I learned a lesson after the passing of Anthony Bourdain, Kate Spade, and other public figures who have been some of the popular victims of a national pandemic, suicide. According to the Centre for Disease Control, suicide is now a leading cause of death in the United States.
I met a man on the train. He was middle-aged, probably forties, and carried a laptop bag. We sat next to each other riding the subway eastbound downtown. It is unusual for me to chat with strangers on the train, but on this day, the energy was electric. A brown woman, probably in her fifties and speaking with a west indian accent stood up and started speaking loudly. At first, I thought she was mentally-ill until I really listened to her monologue. It was more like a lamentation. She said her 21-year old son had recently taken his own life after a battle with depression. Then she started weeping. The energy in the train became eerily still and quiet as she started telling passengers to “check pan yuh family, aks dem eff dem ok, how you cya help them” (check on your family, ask them if they’re OK, and how you can help them).
The woman said her son had stayed back in his university town to work over the summer. Gradually he stopped responding to calls and then stopped checking in with the family altogether. Then she got the call. She said if she had the chance to speak to him again, of all the things she could say to him she wishes she had told him she was so proud of him. He was a wonderful listener and always helped around the house when he was home. That since she did not say all these things to him when he was here, she’s saying them to us on the train.
The man next to me turned and said “this is so weird. I just got back from my younger sister’s funeral. She took her life last Thursday”. The hairs on my skin stood on end. He said his youngest sister had battled depression for years but she had been getting professional help. They hardly saw each other since they lived three hours apart. He remembered the last time they were together. They had a silly argument about her taste in men. He said he thought her history of dating bad boy lone-wolf types was negatively influencing her life. She couldn’t see the connection and thought he was just being a pokey over-protective big brother. Their arguments usually came to nothing. He wished they had not argued that day. He could have told her how much he cherished those times they got to spend together. And how much he adored her humour and thoughtfulness in everything she did. He wished they got together more often, maybe he would have known how bad she was hurting.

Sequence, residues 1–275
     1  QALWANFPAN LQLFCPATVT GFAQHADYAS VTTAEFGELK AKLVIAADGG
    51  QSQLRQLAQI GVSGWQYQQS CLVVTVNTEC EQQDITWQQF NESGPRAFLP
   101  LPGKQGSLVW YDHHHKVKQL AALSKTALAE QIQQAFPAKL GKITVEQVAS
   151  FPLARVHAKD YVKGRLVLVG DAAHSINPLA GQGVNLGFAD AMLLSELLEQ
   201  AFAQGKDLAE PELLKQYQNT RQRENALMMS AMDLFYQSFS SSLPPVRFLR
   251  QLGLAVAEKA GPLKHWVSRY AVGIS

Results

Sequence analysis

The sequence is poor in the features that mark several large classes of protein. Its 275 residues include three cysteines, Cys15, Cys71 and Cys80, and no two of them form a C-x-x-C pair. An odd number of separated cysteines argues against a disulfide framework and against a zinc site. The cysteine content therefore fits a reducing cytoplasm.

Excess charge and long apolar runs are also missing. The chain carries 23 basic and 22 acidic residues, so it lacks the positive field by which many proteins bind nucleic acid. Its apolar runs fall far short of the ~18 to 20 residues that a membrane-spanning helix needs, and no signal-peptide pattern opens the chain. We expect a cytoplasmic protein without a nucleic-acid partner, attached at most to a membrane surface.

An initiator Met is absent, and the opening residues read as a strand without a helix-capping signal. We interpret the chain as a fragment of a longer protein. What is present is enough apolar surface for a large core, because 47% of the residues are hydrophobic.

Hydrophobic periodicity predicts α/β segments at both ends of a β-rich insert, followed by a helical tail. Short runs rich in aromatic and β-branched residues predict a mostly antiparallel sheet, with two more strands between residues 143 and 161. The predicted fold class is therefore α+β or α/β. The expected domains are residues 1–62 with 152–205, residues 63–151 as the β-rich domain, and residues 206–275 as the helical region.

There was a common thread in these stories. The tragedy of suicide does not end in the demise of the victim. Its aftershock usually leaves a ripple in the lives of loved ones left behind to wonder ‘why’ and question how things could have been different.
The suicides of high profile celebrities, Kate Spade and Anthony Bourdain shocked most of us. At their demise, I imagine there were feelings of intense grief, sorrow, astonishment, and confusion for their families left behind.
During my rounds on social media over the passed months, it was hard not to come across posts about Bourdain or a meme with one of his famous quotes. These posts were usually followed by thousands of fans pouring out their hearts about how much he inspired them. In other threads, discussions of Kate Spade’s legacy were followed by fan taking selfies with their favourite Kate Spade bag or purse. Many people expressed appreciation for the design, quality, and stylish aesthetic of Kate Spade merchandise.
In like manner, Bourdain was a phenom. The chef turned-TV host took us on culinary adventures that delighted our senses with the sights and sounds of global gastronomy. In ‘Parts Unknown’, he took us along to Myanmar, Okinawa, and Lyon. When he went to Lagos, Nigeria he said: “it’s mad, it’s bad, it’s delicious, it’s confusing, and I’ve never seen anything like it”.
One tribute in honour of Mr. Bourdain on facebook was shared over 160,000 times and liked by over 181,000 people. Stephanie from Maine said: “I loved him since the early days when he wore his Ramones t-shirts. He introduced me to cultures I would have never known about. His sharp wit and sarcastic sense of humor always made me laugh. Anthony, I’ll miss having you in my living room and reading your books.” Laura from Melbourne said: “I have no words… you are the reason I aspire to travel villages, nooks, and everywhere but the norm!! Thank you for your influence. I’m sorry you never knew how far your reach went”.
When I read those comments, I felt deep sorrow for the opportunities lost to relay our appreciation to the deceased when they were here. Over time as the shock of tragedy fades, their stories become a blip in the social narrative. The thought of them might evoke a gasp, a shudder, or sometimes a sigh. But that’s about it. When the dust settles for most of us, we carry on.
I have to ask: when they pass to the hereafter, what use is the dirge when it falls on deaf ears? Those lamentations sound lovely to listening ears. But their intended audience can no longer give no applause. So maybe the next time you have the desire to criticize, troll, or leave a nasty comment online or in person, perhaps begin with gratitude first and see where that takes you. Express gratitude before they are post-mortem.